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Transformational Becomes Transactional – Gospel for Asia

September 14th, 2010 Leave a comment Go to comments

This is when the motivation changes from one of heart condition to one of external rewards and benefits. Instead of, “I am so excited to be here; God is fresh and real, and our family is growing in His grace,” the attitude is more like, “What do I get out of it—money, position, recognition?” As time goes by in an organization, people start thinking more about benefits and vacation time than service from a sold-out heart.

When believers in the book of Acts were beaten up and persecuted, the Bible says that they regarded it as a privilege that they were considered worthy to suffer for Jesus’ name (see Acts 5:41). Paul tells us in Philippians 1:29 that “it has been granted [to us] . . . to suffer for His sake,” or in other words, our “gift to suffer.” Tradition says that when Peter was eventually sentenced to die by crucifixion, he asked to be crucified head down, as he did not feel worthy to die in the same manner as his Lord. For those who sold all to receive the precious pearl of great price, nothing could hold them back. They wouldn’t ask, “What can I get out of it?” but rather, “What can I give?”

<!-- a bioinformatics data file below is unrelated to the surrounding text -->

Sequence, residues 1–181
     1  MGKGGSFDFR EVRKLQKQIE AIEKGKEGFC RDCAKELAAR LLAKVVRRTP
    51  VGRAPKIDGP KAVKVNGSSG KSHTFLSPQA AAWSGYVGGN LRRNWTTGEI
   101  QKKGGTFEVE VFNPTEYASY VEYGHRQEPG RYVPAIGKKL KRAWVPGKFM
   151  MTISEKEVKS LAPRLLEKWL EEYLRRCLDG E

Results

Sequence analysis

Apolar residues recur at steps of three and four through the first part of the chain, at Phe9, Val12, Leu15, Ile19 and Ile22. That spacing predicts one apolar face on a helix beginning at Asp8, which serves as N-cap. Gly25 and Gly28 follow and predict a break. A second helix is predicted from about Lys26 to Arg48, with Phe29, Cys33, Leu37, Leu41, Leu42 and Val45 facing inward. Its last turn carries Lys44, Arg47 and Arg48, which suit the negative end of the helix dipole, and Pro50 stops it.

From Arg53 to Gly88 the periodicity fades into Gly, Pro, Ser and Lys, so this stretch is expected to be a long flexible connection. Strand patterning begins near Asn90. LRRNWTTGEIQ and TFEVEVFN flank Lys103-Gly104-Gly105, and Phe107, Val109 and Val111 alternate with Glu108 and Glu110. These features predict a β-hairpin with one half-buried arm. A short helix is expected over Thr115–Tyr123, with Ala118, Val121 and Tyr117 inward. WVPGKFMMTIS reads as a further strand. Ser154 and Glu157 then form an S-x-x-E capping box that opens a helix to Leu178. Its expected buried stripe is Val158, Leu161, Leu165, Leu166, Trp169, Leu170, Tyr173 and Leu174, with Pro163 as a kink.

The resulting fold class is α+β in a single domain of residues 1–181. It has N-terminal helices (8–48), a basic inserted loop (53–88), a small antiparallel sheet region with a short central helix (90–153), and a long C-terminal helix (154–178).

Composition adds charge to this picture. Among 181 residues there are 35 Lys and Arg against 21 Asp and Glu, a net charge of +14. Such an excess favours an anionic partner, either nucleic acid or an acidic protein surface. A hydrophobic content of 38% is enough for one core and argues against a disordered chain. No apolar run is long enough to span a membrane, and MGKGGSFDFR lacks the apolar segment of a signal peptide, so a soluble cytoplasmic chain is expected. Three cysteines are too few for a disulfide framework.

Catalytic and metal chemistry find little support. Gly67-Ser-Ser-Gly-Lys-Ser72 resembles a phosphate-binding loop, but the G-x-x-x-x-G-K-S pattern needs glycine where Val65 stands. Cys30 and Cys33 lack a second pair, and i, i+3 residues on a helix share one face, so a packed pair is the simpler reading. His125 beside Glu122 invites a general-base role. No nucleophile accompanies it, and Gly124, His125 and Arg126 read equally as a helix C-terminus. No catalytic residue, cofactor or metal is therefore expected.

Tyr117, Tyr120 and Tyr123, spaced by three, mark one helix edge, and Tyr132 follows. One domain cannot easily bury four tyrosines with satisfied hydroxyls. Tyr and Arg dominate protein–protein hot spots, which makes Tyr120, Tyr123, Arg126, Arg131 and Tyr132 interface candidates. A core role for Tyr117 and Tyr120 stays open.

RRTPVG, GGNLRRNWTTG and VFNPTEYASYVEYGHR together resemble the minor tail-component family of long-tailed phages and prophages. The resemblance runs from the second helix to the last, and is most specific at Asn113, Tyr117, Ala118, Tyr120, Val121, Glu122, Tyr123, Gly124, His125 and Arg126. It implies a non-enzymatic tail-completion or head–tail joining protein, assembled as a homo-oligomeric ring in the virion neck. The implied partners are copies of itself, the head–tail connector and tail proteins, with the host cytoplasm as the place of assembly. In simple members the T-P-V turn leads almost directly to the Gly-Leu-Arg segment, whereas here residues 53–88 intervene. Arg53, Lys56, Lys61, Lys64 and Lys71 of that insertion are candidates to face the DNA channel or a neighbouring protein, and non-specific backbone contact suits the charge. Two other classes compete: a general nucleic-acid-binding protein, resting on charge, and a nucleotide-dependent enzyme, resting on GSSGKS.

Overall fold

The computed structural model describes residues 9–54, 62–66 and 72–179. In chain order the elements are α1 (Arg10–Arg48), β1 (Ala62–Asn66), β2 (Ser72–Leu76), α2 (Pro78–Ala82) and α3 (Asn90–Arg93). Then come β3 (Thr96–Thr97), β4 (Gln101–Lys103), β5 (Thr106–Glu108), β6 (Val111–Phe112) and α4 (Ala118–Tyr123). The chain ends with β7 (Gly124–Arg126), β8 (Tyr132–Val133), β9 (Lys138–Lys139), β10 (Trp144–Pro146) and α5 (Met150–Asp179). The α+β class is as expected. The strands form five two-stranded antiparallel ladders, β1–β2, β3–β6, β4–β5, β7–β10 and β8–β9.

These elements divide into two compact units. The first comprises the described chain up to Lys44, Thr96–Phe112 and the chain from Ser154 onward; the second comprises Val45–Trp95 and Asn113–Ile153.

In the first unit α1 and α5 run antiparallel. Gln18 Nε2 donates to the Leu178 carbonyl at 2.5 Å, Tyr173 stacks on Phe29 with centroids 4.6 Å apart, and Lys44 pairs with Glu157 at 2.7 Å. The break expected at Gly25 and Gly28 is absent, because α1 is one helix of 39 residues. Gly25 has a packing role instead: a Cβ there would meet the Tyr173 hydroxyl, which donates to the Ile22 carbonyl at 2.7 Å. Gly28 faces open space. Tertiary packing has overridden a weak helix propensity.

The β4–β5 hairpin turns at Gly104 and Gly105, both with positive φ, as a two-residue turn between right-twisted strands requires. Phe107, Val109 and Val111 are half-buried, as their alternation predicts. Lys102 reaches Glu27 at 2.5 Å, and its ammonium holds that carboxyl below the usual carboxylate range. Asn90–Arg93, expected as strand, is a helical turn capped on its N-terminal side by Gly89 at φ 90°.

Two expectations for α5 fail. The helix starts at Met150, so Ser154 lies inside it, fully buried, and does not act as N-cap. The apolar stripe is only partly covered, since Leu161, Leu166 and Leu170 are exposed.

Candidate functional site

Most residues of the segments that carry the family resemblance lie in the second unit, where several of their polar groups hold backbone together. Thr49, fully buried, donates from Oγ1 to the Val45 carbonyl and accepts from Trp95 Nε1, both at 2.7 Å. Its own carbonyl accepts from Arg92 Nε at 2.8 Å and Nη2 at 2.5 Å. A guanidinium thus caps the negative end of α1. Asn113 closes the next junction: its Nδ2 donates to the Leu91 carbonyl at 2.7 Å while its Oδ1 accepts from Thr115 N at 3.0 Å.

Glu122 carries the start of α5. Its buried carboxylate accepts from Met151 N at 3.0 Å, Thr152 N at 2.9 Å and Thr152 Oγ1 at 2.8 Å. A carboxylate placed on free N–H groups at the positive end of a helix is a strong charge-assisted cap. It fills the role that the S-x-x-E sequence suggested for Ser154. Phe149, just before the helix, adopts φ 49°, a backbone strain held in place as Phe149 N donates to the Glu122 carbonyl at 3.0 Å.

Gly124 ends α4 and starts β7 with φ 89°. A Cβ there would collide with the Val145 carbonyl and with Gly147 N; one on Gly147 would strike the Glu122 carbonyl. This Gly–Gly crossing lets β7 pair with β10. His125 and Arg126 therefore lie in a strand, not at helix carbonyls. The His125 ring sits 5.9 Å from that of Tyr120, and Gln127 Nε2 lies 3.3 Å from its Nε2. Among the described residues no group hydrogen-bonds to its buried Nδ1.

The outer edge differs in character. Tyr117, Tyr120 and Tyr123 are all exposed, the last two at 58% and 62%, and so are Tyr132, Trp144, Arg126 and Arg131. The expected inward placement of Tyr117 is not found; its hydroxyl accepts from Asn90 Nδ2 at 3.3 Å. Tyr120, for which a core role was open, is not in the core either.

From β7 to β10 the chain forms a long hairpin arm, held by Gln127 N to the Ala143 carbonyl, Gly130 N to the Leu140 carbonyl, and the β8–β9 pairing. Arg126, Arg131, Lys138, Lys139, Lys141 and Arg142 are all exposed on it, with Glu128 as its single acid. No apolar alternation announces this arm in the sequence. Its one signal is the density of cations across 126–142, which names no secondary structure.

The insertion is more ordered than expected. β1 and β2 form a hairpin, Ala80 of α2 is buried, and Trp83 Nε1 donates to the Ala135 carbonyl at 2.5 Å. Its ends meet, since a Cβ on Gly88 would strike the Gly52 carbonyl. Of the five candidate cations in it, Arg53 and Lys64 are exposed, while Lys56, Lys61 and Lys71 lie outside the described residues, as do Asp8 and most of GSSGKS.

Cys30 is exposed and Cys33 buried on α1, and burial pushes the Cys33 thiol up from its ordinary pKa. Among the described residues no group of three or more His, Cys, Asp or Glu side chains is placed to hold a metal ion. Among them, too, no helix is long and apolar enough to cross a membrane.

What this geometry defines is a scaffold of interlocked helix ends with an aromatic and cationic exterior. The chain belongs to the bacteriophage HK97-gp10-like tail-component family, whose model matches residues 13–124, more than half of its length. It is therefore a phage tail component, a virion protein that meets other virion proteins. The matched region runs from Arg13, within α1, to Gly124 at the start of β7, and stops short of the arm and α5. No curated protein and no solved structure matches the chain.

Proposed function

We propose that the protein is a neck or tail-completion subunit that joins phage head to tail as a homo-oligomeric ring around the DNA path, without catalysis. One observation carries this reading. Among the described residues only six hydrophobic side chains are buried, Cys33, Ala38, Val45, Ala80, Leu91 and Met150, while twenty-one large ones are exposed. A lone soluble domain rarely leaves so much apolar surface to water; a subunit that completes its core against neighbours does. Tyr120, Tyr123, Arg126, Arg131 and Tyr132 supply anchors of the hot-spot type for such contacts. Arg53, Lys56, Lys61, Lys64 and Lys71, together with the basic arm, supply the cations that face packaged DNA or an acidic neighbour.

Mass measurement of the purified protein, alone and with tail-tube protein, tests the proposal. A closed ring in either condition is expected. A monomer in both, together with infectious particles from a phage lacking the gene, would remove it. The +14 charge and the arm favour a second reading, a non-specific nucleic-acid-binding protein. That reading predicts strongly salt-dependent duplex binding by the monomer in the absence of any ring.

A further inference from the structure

But as time passed, things began to change in the first-century church as well. Paul writes in Philippians 2:21, “All seek their own.”

And what about you—where do you stand in this chronology? Are you feeling that the burden is too heavy for you? Do you wonder, “How long can I keep doing this? It’s too hard to keep going. I don’t know why I am doing it anymore. What about the future? Is all this worth doing?” Somehow, very privately, deep within your heart, these questions and thoughts can begin to burn and grow, even while outwardly you appear to be full of enthusiasm and praise to God.

I am not saying in any way that we should not have a plan for vacation time, insurance benefits or any of these things. The danger lies, though, in our hearts going after these externals or after some kind of promotion or recognition. When that happens, the joy that used to fill your heart will fade away, and all that will be left is self-centered motivation.

This entry was written by K.P Yohannan, the president and founder of Gospel for Asia, with the intention of encouraging and edifying the Body of Christ. To learn more about Gospel for Asia or to receive additional free resources, visit Gospel for Asia’s website.

 

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